“Like all cities in the UK, Belfast is coping with a hard economic impact from the pandemic, however our Good Growth for Cities Index does show that we will see growth return in 2021. What we have to do collectively is harness that growth and invest in the right way. 

“The pandemic has made us more aware of economic and social inequalities and it is therefore necessary to look beyond GDP and focus efforts on tackling the issues that really matter to the public, and our local economies, such as skills, sustainable income and health and wellbeing.

“This year’s Index shows us that Belfast is performing above average for jobs, work-life balance, house price to earnings, owner occupation, transport and income distribution, ensuring our city remains an attractive place to live and work.” 

Cities and towns with ‘Good Growth’ are more resilient 

Many of the cities that perform well in the Good Growth Index - including the Scottish cities of Edinburgh and Aberdeen, and cities in England such as Norwich, Swindon, Southampton, Portsmouth and Oxford - have been relatively less economically impacted by the pandemic. Their sectoral mix and performance on broader economic and social indicators have to some extent provided resilience. 

Many poorer performing cities in the Good Growth Index - including Liverpool, Southend, Medway, Doncaster and Bradford - have been hit hard by the pandemic. These cities have been more exposed to the impacts of COVID-19 and have less resilience in terms of broader economic base and social wellbeing. 

An exception to this pattern is Leicester - whilst performing well in the Good Growth Index it will be one of the cities hardest hit economically by the fallout from COVID-19. Leicester was the first city to have stricter restrictions imposed following the relaxing of the initial national lockdown in June 2020. The decreased footfall in Leicester city during the summer period is likely to further reduce the performance of Leicester’s retail sector.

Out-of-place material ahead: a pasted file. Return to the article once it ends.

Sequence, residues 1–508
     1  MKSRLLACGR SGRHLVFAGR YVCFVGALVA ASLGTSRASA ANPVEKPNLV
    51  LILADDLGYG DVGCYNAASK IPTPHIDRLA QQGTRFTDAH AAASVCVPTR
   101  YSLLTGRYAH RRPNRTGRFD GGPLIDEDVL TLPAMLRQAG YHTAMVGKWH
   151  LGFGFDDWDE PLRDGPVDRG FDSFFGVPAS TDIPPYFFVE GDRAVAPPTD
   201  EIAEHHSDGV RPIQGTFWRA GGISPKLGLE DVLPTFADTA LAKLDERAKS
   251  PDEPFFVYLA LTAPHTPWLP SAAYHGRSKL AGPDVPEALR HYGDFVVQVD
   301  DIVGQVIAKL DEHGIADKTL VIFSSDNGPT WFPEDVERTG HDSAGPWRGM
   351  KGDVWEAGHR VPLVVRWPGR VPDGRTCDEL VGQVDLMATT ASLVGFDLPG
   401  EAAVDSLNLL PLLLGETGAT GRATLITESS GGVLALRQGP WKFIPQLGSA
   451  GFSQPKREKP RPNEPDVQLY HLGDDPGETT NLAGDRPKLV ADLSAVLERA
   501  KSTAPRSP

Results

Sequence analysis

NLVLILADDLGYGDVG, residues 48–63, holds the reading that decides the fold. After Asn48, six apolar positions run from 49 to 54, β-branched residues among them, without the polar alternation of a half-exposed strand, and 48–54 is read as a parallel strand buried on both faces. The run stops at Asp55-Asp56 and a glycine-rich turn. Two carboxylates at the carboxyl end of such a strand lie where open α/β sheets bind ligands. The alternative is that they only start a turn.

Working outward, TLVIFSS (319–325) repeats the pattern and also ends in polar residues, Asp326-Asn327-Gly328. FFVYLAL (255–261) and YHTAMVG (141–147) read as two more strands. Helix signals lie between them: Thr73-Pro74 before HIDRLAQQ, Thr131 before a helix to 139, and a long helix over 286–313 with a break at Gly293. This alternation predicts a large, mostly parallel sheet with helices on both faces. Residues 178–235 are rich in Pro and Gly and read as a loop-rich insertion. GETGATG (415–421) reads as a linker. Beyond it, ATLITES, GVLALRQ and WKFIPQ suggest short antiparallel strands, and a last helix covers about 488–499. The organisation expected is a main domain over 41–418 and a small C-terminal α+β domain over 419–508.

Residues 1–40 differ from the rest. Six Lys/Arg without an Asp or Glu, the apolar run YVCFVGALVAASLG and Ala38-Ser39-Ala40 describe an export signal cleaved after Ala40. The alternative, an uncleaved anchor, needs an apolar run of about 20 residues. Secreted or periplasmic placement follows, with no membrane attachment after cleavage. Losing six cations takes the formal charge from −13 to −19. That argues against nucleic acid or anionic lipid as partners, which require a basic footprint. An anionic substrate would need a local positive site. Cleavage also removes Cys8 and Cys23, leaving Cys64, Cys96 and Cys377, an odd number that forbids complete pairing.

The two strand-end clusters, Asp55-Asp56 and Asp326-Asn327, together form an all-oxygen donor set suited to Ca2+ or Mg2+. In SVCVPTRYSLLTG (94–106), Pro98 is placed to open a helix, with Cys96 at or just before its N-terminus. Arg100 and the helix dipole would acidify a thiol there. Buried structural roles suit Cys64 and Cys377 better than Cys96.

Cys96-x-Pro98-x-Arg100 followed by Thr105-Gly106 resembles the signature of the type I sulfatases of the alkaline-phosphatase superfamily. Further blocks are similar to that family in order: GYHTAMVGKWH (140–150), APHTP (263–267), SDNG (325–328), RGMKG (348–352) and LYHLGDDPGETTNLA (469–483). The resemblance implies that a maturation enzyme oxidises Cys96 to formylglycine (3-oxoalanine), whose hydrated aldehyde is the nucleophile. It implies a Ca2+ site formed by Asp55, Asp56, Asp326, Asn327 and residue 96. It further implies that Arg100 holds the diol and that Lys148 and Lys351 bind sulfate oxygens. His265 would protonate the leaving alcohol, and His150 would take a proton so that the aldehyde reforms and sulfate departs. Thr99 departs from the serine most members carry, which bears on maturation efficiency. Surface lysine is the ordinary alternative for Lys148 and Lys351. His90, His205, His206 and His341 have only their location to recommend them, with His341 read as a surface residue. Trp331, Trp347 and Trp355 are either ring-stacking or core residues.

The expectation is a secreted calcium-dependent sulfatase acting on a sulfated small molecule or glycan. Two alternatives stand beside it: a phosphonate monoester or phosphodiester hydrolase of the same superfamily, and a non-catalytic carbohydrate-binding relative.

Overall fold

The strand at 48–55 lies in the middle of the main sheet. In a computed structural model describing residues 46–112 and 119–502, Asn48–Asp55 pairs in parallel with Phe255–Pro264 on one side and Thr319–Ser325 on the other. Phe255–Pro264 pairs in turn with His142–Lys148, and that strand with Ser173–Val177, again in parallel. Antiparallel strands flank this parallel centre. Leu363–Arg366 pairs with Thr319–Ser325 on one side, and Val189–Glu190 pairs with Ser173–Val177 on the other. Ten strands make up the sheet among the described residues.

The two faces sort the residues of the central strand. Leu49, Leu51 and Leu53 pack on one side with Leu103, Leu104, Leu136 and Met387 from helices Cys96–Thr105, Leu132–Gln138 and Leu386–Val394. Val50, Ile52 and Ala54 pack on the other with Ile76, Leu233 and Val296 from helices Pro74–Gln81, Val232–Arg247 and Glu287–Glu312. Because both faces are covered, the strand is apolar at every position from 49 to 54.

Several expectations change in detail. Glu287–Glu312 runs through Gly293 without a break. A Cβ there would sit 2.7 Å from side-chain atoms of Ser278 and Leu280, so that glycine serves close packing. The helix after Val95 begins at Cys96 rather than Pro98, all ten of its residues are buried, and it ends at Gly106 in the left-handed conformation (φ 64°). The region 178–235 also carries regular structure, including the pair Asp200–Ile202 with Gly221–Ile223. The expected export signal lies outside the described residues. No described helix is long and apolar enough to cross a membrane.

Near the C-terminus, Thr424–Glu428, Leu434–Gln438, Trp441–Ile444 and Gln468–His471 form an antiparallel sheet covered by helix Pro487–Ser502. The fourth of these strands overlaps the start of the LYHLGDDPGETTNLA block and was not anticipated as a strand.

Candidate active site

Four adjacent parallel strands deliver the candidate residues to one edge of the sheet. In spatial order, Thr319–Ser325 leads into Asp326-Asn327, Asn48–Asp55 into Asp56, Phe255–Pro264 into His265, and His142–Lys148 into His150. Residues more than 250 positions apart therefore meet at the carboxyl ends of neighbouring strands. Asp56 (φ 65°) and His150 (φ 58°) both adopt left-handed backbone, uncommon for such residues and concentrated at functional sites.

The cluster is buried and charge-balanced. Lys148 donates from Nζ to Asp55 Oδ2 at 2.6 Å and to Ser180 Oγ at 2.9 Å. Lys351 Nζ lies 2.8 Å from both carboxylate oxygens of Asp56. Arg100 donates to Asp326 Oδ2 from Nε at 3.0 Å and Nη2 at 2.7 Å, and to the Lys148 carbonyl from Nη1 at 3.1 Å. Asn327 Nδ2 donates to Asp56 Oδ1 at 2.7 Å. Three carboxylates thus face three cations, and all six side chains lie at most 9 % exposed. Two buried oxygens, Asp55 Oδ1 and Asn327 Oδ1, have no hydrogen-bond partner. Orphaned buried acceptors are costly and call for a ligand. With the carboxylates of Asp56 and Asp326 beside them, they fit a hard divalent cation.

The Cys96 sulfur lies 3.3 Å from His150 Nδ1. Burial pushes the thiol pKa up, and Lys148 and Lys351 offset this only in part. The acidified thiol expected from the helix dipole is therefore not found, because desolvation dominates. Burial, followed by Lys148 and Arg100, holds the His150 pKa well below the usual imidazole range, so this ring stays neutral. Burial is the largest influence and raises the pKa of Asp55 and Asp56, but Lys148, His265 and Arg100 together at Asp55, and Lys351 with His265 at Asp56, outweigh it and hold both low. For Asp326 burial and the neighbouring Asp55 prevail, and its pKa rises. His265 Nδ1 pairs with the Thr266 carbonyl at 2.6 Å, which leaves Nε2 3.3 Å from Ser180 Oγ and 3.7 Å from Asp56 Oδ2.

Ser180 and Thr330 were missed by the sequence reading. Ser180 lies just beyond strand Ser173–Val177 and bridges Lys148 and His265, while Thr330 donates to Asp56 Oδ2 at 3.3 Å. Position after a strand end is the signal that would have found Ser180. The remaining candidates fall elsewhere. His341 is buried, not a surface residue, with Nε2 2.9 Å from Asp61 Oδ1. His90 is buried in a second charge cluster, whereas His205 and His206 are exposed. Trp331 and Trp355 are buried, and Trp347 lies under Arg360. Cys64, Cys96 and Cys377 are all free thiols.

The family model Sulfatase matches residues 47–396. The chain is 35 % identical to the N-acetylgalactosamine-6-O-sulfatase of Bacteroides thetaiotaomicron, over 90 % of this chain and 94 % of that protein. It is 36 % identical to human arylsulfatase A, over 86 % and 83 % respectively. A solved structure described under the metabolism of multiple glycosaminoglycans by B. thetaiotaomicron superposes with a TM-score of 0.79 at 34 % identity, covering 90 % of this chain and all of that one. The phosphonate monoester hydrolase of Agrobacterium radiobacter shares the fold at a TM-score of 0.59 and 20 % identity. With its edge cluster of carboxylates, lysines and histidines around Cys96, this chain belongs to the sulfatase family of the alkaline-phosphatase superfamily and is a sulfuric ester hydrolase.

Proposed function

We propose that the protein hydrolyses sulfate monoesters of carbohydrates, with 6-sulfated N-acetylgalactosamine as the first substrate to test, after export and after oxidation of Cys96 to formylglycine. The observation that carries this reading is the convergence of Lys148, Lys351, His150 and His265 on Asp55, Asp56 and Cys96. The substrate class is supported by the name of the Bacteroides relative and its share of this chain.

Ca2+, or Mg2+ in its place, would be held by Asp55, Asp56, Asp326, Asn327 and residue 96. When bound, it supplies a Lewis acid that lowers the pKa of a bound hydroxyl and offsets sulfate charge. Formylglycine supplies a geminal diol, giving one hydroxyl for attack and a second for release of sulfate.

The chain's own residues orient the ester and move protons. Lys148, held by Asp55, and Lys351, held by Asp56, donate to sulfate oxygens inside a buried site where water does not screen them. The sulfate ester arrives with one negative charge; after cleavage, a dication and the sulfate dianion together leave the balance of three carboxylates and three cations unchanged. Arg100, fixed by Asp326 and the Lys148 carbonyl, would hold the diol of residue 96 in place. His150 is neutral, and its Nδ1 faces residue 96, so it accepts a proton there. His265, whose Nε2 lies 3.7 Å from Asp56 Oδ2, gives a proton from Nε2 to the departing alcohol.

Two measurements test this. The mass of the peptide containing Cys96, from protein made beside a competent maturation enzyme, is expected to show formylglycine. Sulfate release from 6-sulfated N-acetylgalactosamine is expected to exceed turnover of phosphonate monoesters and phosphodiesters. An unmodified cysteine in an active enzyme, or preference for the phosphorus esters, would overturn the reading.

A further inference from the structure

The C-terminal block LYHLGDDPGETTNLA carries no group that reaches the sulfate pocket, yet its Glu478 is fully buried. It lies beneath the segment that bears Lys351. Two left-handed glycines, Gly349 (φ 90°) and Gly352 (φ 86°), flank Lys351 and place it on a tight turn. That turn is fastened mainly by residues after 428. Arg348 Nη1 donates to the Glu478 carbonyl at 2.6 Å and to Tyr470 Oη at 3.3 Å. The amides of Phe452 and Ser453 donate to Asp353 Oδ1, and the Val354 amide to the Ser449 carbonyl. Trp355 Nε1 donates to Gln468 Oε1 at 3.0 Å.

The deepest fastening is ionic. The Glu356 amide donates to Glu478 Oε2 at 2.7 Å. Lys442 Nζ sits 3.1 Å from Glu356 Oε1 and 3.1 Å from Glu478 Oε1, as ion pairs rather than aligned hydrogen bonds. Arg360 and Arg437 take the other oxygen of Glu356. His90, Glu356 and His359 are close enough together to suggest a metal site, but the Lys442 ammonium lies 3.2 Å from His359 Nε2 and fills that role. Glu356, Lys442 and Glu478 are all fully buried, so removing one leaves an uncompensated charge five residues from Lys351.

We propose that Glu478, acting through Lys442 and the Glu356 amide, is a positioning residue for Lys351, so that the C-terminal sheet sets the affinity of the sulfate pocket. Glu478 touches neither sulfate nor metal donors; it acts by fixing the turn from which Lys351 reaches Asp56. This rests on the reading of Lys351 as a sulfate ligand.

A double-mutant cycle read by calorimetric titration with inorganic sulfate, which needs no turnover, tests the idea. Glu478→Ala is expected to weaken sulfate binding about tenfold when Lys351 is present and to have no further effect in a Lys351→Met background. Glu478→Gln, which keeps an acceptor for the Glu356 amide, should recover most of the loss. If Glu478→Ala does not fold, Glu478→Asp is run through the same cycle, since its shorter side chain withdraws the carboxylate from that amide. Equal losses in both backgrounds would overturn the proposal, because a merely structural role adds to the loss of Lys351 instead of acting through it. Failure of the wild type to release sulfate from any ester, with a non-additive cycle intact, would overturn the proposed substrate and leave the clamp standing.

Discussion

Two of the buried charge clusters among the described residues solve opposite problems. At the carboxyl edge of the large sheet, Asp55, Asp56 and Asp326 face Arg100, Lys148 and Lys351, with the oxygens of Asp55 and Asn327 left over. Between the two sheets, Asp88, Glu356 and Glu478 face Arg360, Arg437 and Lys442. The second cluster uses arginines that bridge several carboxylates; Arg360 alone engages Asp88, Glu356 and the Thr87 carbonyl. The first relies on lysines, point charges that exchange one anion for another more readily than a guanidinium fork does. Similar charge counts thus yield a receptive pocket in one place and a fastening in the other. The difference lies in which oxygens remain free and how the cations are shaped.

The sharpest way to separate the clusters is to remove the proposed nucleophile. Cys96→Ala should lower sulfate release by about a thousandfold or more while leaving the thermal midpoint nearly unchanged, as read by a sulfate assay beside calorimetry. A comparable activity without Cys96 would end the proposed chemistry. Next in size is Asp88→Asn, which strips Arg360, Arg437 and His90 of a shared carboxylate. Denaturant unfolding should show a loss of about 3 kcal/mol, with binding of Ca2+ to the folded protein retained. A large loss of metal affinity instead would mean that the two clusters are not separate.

As the UK looks to ‘build back better’ from the pandemic, ensuring that the recovery lays the foundations for a more resilience against future shocks will be vital. 

New opportunities 

With more people working from home, towns and cities have new opportunities to build virtual connections and play to their strengths in terms of liveability, affordability and community. There is still much uncertainty over how these trends will play out in the long-term, however a move to hybrid home and office working does have the potential to level up certain areas of the country. PwC research shows that areas that could benefit from a shift to working from home include outer London and smaller cities like Wigan, Bradford and Blackpool. 

Jonathan House, devolved and local government lead for PwC, said:

“The pandemic has led to people living their life much closer to home and the likelihood is some of these lifestyle changes will stay for the medium-term. This opens up opportunities for places that have advantages in terms of liveability and community, and where ‘price of success’ factors, such as housing affordability, are less of an issue. The report sets out a series of recommendations for leaders from across national and local government, as well as the private and third sectors, as they plan their recovery strategies. This includes taking a broad approach to economic wellbeing and building resilience will be essential to create liveable vibrant places where people want to live, work and visit.”